Caity: Shane edited all of our video footage and made all of our show fliers, so I can't give him enough credit for putting our ideas into a visual format. New York City itself often feels like a dystopic place, given the changes that are (and have been) happening in the city, and the whole thing becoming like an amusement park of sorts. That "shadowy reflection" may come from a certain understanding that our country is not an ideal place to live for many people. We also watched a fair amount of zombie movies while making the album.
You've supported and raised awareness of mental health issues using the release of an early Olden Yolk track to benefit the organization Bring Change 2 Mind. How has mental health, inner understanding, and spiritual psychology impacted Olden Yolk and what ways was the record affected by these struggles and insight?
Shane: Well, the song you’re talking about had a pretty specific context and intention behind the way I released it. Yet, these kinds of ideas are always floating around for me personally. Music for thousands of years has consistently served as an outlet to discover and disseminate these kinds of insights. For myself, music has always been a spiritual exploration of some sort — and a way to share what has been found. Sometimes it’s a larger insight and sometimes it’s very mundane — yet both things have their place in the overall search. Musicians and writers have really helped me in my life. They have become my medicine in a lot of ways; and I am super grateful to all of those who have taken the time to create so that I can find new ways understand this insane world we’re given. If I can give back to that in any way possible it’s the least I can do.
Another project of Shane's, the group Quilt, had a release last year on Turntable Kitchen of a full cover of F.J. McMahon's Spirit of the Golden Juice, who Quilt performed with in LA for a return show of the lo-fi folk legend. Did working with F.J. impact the art and performance of Olden Yolk?
Shane: Working with FJ was an incredible experience. I love his songwriting, his voice, and his guitar playing a lot. Also, getting to know him and hang out with him was inspiring. It was a real honor to be involved with him. In terms of the direct influence on this record — it wasn’t anything we were thinking about directly. But, we are both are huge fans of his work.
The band has spent several years living in New York City as a working artist. How has the City changed in the perspective of working musicians and artists and how did those changes influence the new record?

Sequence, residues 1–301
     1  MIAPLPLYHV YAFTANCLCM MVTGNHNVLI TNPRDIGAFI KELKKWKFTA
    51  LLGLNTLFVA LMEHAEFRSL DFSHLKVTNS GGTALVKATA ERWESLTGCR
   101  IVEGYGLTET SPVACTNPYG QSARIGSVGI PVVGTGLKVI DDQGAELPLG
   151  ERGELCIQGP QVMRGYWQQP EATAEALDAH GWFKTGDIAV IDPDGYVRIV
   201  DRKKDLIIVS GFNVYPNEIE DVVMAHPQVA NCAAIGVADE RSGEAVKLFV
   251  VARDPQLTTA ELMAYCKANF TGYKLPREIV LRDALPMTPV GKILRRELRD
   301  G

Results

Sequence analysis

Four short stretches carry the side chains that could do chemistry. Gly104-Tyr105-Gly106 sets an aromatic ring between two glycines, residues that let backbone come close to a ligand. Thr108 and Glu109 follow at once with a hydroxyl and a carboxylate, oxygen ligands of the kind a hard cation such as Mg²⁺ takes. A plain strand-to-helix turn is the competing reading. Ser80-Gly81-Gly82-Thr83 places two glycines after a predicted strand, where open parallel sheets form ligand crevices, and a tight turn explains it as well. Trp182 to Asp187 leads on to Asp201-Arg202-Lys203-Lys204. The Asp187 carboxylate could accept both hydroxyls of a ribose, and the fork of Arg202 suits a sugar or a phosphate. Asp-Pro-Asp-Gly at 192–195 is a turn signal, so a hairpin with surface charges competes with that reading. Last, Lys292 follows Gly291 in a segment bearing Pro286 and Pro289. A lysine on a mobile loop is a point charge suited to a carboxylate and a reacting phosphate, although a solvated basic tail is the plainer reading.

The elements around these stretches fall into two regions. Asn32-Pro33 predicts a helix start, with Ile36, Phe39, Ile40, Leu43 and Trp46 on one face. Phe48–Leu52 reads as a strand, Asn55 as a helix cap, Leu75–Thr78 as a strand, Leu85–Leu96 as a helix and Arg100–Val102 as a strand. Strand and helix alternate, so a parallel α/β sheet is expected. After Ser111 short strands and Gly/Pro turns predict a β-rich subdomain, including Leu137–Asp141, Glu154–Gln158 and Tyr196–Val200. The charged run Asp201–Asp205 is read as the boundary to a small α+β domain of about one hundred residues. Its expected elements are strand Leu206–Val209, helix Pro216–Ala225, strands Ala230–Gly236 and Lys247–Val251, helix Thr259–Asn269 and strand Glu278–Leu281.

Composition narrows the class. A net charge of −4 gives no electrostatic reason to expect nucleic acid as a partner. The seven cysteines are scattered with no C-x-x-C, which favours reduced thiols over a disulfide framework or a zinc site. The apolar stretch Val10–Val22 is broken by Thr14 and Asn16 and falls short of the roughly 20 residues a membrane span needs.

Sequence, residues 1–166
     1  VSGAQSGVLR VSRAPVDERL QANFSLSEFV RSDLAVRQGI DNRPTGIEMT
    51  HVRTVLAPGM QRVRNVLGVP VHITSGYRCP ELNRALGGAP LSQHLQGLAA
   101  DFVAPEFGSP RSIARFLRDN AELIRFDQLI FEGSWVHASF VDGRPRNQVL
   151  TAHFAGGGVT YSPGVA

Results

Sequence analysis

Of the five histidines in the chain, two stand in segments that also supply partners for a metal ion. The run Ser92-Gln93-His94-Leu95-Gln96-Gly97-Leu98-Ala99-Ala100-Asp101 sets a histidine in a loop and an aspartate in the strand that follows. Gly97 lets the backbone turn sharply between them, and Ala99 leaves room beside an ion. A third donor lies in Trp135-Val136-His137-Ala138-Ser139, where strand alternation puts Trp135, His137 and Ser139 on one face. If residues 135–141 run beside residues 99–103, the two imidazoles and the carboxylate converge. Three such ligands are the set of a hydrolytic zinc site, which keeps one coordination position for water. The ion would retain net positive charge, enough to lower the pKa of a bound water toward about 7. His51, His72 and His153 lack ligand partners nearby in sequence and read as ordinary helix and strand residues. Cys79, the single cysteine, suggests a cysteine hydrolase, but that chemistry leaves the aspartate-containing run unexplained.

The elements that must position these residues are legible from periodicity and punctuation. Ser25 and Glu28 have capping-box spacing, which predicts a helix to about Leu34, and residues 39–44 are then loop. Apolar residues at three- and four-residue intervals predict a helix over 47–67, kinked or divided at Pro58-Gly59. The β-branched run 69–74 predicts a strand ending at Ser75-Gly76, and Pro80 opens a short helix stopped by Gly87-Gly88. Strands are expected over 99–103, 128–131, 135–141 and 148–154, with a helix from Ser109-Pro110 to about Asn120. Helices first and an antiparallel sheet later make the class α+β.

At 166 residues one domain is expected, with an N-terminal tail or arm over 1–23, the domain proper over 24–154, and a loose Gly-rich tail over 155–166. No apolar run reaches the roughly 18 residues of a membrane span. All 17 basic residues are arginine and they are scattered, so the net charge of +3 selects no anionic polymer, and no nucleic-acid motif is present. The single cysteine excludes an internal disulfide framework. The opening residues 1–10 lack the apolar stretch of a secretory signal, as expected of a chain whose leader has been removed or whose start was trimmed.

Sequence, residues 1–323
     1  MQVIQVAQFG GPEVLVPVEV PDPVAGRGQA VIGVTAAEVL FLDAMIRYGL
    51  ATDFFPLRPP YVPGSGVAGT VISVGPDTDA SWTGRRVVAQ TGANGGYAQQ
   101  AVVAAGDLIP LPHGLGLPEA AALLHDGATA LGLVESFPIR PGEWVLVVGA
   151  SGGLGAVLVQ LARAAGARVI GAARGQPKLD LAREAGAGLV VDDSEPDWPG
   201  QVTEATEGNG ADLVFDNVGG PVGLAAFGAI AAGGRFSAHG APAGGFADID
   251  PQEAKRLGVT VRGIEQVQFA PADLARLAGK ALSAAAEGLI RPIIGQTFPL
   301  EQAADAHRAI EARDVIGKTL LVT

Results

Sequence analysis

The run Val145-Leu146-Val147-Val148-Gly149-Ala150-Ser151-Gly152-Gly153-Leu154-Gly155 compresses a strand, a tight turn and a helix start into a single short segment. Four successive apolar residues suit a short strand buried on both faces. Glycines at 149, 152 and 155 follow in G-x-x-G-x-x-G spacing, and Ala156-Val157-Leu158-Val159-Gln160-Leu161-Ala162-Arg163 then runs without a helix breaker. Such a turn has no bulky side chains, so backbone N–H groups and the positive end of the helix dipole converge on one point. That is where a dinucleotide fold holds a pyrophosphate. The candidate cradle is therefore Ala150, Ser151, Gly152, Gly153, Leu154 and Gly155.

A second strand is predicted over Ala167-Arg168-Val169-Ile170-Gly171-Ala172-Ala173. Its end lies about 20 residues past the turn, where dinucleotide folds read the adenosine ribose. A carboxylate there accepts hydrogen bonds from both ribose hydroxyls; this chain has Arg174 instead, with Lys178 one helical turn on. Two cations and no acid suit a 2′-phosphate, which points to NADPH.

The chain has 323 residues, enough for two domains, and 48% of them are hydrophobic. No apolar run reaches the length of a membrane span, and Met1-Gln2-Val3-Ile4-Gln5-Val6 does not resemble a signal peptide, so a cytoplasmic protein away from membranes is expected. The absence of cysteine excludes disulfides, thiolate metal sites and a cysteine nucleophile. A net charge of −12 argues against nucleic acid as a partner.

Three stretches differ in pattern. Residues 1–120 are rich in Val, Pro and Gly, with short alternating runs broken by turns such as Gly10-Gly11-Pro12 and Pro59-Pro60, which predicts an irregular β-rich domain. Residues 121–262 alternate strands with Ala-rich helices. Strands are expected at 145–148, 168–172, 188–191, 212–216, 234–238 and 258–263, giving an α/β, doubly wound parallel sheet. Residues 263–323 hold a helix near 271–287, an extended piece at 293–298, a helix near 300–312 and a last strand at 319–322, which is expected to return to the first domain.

Shane: I moved to New York City for the first time when I was 14 years old, and have lived here on and off since. In my experience, it’s one of the only cities I can say is ‘always changing and always staying exactly the same’. It’s still an incredibly stimulating city creatively, architecturally, and culturally. This hasn’t disappeared. Yet, one hard thing is that recently it’s just become too expensive to be central. So, a lot of artists are living really far out and not necessarily close to each other — which makes the sense of community feel a bit disparate at times. I love the neighborhood we currently live in, (Greenpoint) and have a handful of musician / artist friends who are here locally. Yet, I think a lot of the album (personally) did come out of a feeling of isolation — it’s weird to feel isolated when in a city of millions — yet it happens. When this happens it’s almost as if the architecture and the monuments of the city start to become your friends. I have known many of the buildings, monuments, and parks since I was pretty young — so a lot of the feelings for certain songs on the record were found when walking around these places reflecting. It’s an interesting moment in New York — who knows what direction it’s going in? This is one of the questions I thought about a lot over the year. Especially since it’s a city I love so much. This city will always have a huge place in my heart, it is my home… yet, I’m also personally interested in spending some time in other places upcoming.
Caity: I'm relatively new to New York. Growing up in Philadelphia, New York was always close in proximity but felt simultaneously untouchable, a place that might spit you out. I came here after living in Texas for several years. It feels surreal to be here now. We are constantly working on other projects--I ghostwrite/write professionally, while Shane has a dedicated visual art practice. Two of our bandmates live elsewhere. The New York influence on the record could be from the wistfulness of some of the lyrics, of walking around at night and listening to the barges, the trucks, the sound of Manhattan far away, the bridge near our house (The Kosciuszko) being demolished and rebuilt, the machines talking to each other, the whole thing. I hope it's all in there.
Purchase Olden Yolk's debut record out now on Trouble in Mind. Find the band's tour dates here.